Much like cancer, nearly everyone can name at least one addict they know or are related to. Understand that there is no judgment here; just help. No matter what the circumstances were or what your previous criminal record is, you are going to need a defense attorney. To take that a step further you are going to need a good defense attorney. Let's examine some reasons to hire an experienced defense attorney rather than going with a public defender or a lawyer with little criminal case background.
We would all like to think society forgives and forgets easily when a person has committed a crime and paid their dues. However, this does not seem to be the case. Even for nonviolent crimes, the social stigma is very real and long-lasting. According to a Justice Department Survey in 2012, state records across the country contain a total of 100 million criminal records. That is a huge chunk of our population that has been charged with a crime. But even with this vast number of people, they are still faced with ongoing consequences.
As legalization of marijuana for recreational or medical use spreads to an increasing number of states, Texas authorities could find themselves faced with the potential need to evaluate individuals from those states for marijuana impairment at times. However, testing methods in some of the states with legalized marijuana use are viewed as questionable by AAA. Although blood alcohol testing is an effective indicator of impairment for those who are stopped for drinking and driving, testing the blood for THC may not give an accurate reading of the level of impairment experienced by a driver.
Texas residents interested in the justice system might like to know about the role sleep plays in acquiring confessions. A study that has been published in a National Academy of Sciences journal indicates that fatigued individuals are more likely than rested individuals to sign false confessions.
A law enforcement office in Texas helped contribute to the record number of exonerations in 2015. Around 28 percent of the 149 people who were exonerated last year were freed due to the work of one Conviction Integrity Unit in Harris County. The exonerated people had been serving time for drug offenses, murders and other serious crimes that they did not commit.
"Making a Murderer" is a crime documentary series that has captivated viewers in Texas and around the country. The film features a confession by 16-year-old Brendan Dassey which many people believe was fabricated. According to one expert, the confession portion of the case bears similarity to another case that occurred in Minnesota. Unlike Brendan Dassey, the suspect in the latter case was acquitted.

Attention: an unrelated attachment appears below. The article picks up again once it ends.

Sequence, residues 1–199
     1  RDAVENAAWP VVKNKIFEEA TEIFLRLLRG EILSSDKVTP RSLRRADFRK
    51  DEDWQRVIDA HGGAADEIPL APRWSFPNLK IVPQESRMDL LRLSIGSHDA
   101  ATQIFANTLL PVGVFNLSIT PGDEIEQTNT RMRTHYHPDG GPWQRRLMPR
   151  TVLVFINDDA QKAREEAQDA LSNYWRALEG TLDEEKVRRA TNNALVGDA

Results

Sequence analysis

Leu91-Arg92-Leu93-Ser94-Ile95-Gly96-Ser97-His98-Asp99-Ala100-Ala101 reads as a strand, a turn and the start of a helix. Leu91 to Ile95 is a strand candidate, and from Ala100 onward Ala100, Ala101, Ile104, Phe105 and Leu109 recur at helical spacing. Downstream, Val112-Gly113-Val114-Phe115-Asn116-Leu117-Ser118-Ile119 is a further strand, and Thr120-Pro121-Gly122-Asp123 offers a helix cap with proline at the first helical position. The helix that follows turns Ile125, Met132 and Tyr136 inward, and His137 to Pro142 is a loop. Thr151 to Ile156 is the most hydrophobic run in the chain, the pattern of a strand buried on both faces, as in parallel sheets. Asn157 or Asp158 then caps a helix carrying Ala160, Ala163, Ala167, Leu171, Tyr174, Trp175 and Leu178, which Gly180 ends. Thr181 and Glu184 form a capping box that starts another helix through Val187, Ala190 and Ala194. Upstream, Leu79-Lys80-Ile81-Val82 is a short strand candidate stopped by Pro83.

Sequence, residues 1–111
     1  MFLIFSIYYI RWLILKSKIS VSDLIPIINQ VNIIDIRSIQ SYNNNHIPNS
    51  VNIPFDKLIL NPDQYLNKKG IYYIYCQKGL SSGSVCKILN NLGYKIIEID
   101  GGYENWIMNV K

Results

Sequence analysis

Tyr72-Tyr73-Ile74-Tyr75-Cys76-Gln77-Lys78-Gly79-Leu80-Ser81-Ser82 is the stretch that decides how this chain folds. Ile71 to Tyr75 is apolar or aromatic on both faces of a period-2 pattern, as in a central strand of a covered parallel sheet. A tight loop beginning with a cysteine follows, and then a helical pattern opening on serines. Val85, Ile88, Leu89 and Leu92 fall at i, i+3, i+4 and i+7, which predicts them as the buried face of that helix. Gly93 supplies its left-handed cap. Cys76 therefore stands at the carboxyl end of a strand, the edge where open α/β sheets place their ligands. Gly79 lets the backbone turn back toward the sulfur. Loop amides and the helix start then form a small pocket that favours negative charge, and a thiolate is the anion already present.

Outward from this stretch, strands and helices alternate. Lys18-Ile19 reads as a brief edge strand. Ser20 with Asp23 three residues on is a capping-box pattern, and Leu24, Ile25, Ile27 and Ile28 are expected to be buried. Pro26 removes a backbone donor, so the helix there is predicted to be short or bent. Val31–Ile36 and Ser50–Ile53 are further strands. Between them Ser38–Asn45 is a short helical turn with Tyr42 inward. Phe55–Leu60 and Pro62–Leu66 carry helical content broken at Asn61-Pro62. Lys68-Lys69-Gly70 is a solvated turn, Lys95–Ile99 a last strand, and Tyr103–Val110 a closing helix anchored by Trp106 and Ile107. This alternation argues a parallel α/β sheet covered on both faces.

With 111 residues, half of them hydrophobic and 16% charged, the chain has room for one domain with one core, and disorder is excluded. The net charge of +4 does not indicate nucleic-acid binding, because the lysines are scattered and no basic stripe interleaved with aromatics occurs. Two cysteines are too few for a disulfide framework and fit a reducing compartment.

Texas residents may wonder why individuals accused of crimes committed while under the influence rarely claim diminished capacity as a defense. While drinking or taking drugs may sometimes make it difficult for individuals to resist their impulses or tell right from wrong, temporary insanity caused by drugs or alcohol will only be recognized by the law in a handful of very specific circumstances.
Texas business owners who face criminal charges for violations of OSHA regulations or other federal workplace safety laws should know that in December 2015, the U.S. Department of Justice stated its intention to change the way certain crimes would be prosecuted. According to news sources, committing the crimes in question could result in some employers being indicted for felony level offenses. If convicted, the accused may be subjected to penalties that include stiff fines and jail sentences of between five and 20 years.
Texas readers may be interested to learn that prosecutors at a prominent national wiretapping hub in California likely violated federal law when they permitted police eavesdropping in hundreds of drug cases. According to an investigation by USA Today and The Desert Sun, the violations could call into question the legality of up to 738 wiretaps approved by the Riverside County facility.
Texas criminal courts often use sworn testimony from law enforcement officers, witnesses and the defendant as a basis for their verdicts and associated sentences. Those who knowingly mislead the court in an attempt to sway the judge or a jury into making a certain decision may be accused of perjury.